In South Africa they’re called Buckies.
In Australia and New Zealand, they’re Utes.
While Ford’s perennial F150n is the best-selling vehicle in the USA.
There were certainly no frills back in the bad old days.
Vinyl bench seats, wind-down windows, rubber flooring and the ergonomics (and performance) of a post-War tractor.
You could chuck a mud-caked Border Collie in the cab and hose it all out when the day was done.
DAIMLER AGQUALITY: High-spec Merc will carry a tonne of stuff
Pick-ups were the preserve of farmers, builders and anyone else with a dirty, hard-working lifestyle.
And then people started to pick up (sorry) on the tax benefits of pick-up ownership.
Companies started to make crew cabs with room for four or five.
It didn’t take long for the market to adapt, and suddenly pick-ups became something you could use for work during the week and as a family car at weekends.
For the past few years, pick-ups have been getting posher.
Ford’s latest Ranger variant upped the game and VW’s Amarok followed suit.
But probably the most car-like driving experience has been, and still is, offered by Nissan’s Navara.
Which brings me, neatly, to Mercedes’ latest X-Class pick-em-up truck.
It uses the Renault/ Nissan alliance’s Navara platform to save a load of time, trouble and expense.
Most of the body panels are bespoke to Merc, as is the coil spring multilink front and rear suspension which provides a slightly wider track than Nissan’s offering.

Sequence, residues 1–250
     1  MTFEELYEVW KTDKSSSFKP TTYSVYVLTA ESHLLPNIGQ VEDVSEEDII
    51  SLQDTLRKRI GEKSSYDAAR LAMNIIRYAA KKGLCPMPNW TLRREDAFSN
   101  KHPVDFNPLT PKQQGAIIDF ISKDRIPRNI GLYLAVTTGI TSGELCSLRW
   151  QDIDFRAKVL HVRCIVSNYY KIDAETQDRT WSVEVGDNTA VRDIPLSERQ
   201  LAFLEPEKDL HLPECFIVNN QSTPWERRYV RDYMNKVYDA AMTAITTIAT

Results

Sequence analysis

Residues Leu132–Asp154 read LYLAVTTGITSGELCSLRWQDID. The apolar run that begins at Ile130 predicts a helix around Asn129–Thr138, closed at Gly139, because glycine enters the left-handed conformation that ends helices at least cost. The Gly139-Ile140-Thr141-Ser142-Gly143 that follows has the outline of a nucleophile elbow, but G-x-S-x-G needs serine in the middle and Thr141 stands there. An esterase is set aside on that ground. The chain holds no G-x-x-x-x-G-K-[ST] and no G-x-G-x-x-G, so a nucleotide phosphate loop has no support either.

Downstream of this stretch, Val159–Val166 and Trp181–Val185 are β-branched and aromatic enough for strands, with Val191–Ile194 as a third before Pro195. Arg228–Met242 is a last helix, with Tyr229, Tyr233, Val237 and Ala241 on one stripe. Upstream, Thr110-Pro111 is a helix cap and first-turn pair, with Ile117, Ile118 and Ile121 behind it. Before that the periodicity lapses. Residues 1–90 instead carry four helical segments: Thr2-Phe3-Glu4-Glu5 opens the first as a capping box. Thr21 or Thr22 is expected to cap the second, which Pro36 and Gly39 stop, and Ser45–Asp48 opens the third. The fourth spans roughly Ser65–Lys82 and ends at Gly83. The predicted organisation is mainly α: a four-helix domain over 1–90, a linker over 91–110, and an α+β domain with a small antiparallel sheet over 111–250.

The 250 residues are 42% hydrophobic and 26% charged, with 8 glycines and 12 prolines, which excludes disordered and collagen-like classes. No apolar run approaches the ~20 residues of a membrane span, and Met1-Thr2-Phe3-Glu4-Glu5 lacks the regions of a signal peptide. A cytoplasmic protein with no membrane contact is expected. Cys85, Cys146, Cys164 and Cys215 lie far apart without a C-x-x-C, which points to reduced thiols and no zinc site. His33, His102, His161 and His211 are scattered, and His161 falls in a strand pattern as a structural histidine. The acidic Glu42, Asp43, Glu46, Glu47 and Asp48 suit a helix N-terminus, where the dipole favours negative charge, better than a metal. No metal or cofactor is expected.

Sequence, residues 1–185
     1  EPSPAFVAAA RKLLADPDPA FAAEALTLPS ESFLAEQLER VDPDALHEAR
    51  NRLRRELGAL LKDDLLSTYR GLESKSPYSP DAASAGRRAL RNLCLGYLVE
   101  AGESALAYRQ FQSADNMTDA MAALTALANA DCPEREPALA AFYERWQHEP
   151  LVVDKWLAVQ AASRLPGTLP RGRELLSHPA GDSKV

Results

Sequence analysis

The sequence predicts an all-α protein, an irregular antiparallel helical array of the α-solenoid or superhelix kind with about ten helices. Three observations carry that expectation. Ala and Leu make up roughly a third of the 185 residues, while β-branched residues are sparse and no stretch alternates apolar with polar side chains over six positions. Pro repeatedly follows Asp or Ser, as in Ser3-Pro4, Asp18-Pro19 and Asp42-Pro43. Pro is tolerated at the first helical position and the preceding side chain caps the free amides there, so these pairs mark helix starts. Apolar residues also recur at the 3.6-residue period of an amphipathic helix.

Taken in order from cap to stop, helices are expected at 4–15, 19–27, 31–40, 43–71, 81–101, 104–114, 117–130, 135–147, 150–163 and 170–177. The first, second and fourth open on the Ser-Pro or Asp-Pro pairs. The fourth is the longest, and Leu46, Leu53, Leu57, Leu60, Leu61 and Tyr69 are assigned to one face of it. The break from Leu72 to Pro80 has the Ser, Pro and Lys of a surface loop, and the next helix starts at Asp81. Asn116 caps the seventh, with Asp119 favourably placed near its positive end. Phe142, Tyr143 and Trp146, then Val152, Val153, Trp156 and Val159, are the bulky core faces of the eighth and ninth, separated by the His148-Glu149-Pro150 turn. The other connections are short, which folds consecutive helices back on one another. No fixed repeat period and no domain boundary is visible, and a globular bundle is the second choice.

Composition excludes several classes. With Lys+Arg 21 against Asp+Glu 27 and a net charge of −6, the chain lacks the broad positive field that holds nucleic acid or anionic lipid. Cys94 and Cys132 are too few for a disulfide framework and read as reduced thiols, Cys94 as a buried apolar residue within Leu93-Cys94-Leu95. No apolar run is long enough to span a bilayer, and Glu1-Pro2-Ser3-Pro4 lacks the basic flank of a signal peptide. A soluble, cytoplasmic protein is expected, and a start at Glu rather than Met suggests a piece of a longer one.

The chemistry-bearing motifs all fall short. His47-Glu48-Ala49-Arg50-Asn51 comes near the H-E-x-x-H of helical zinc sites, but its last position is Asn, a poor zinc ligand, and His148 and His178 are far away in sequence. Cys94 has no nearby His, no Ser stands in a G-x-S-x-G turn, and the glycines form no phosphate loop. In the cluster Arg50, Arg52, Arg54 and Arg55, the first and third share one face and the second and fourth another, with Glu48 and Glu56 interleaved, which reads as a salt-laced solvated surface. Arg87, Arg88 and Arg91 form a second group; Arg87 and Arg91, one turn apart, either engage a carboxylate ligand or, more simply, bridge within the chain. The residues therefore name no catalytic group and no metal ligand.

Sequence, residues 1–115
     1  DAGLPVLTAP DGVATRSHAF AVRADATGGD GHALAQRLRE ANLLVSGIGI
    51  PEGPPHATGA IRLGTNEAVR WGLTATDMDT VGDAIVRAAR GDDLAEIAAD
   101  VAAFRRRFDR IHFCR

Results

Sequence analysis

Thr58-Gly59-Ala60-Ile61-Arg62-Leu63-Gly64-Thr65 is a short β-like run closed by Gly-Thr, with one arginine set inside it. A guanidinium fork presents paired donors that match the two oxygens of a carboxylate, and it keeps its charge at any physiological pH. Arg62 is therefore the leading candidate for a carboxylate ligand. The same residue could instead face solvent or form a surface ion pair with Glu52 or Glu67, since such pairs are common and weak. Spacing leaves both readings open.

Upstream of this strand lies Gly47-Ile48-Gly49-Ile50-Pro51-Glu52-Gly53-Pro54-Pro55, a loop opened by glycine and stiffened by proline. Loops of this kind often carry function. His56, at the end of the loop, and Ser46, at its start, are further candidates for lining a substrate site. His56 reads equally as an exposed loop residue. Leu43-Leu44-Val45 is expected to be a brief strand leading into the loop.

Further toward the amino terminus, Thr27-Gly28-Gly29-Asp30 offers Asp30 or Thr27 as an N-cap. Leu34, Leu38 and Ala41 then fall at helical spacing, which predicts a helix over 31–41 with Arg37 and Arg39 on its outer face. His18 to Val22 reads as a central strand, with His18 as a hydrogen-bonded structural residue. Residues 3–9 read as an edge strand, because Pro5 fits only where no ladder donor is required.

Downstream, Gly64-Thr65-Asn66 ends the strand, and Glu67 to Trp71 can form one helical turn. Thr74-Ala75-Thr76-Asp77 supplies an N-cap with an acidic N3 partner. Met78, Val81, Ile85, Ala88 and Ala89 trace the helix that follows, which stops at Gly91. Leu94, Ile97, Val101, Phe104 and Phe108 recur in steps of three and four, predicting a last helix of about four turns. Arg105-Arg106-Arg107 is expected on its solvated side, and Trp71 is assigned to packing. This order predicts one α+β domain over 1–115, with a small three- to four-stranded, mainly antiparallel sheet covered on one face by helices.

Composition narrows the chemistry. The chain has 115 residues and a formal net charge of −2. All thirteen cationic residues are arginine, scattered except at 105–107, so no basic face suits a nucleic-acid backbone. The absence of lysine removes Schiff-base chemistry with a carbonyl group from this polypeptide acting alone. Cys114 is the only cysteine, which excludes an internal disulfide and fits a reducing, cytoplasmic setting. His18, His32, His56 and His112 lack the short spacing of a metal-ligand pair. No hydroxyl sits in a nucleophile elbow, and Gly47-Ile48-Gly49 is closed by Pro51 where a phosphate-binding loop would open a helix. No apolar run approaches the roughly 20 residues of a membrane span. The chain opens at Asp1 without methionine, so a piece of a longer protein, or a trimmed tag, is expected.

The interior is the biggest difference, though.
In top spec there is leather upholstery, electrically adjustable seats and the sort of gadgets you are used to seeing in their cars.
In fact, it’s so posh inside it’s very easy to forget that this car will tow 3.5 tonnes and carry just over a tonne of whatever you fancy in the pick-up bed.
DAIMLER AGOFF-ROAD: The X-Class will climb and descend pretty ferocious inclines
So what’s it like to drive? Once you get used to being stared at, lustily, by other envious pick-up drivers it’s remarkably civilised.
Ride quality is possibly best in class but it’s still not quite reached SUV levels of refinement.
After all, it still has the capability to carry over a tonne in the back, so the spring rates are pretty beefy.
Still, the extra sound-deadening material keeps cab noise to a minimum and in seventh gear on motorways it’s as quiet inside as a car.
Two things instantly make an impression.
The first is the steering which is really low-geared, so parking and U-turning involves much sawing at the wheel.
Secondly, the initial pick-up (sorry) is a bit tardy.
I drove the most powerful twin-turbo X250d version and just when you need it to respond quickly – like when crossing a dangerous junction or pulling off a crafty overtake – it doesn’t.
Presumably this is nothing more than an ECU mapping issue.
But maybe the extra 200kgs the X-Class carries over the Navara is to blame?
Either way, it means the more powerful V6 diesel due halfway through 2018 would be my choice.
Off-road, even on road tyres, using the diff lock and low-ratio options, the X-Class will climb and descend pretty ferocious inclines.
There are three spec levels. Pure at the bottom of the food chain, Progressive in the middle and Power at the top.
PRCLASSIC: Most of the body panels are bespoke to Merc
There are currently two 2.3-litre (Nissan) engines available, the single turbo X220d and twin-turbo X250d.
Prices start at £27,310 and top out at £34,100 for Power trim.
That’s plus VAT, which most business users will claim back anyway.
There is no doubt the X-Class currently offers the most car-like user experience on the market.
I reckon that’ll step up another notch when the X350d V6 arrives next year.
Mercedes X-Class X250d Power
Engine: 2.299cc, four-cyl diesel turbo
Price: £34,100 plus Vat
Top Speed: 109mph
Economy: 35.8mpg combined
For: Poshest pick-up
Sum up: Luxury grafter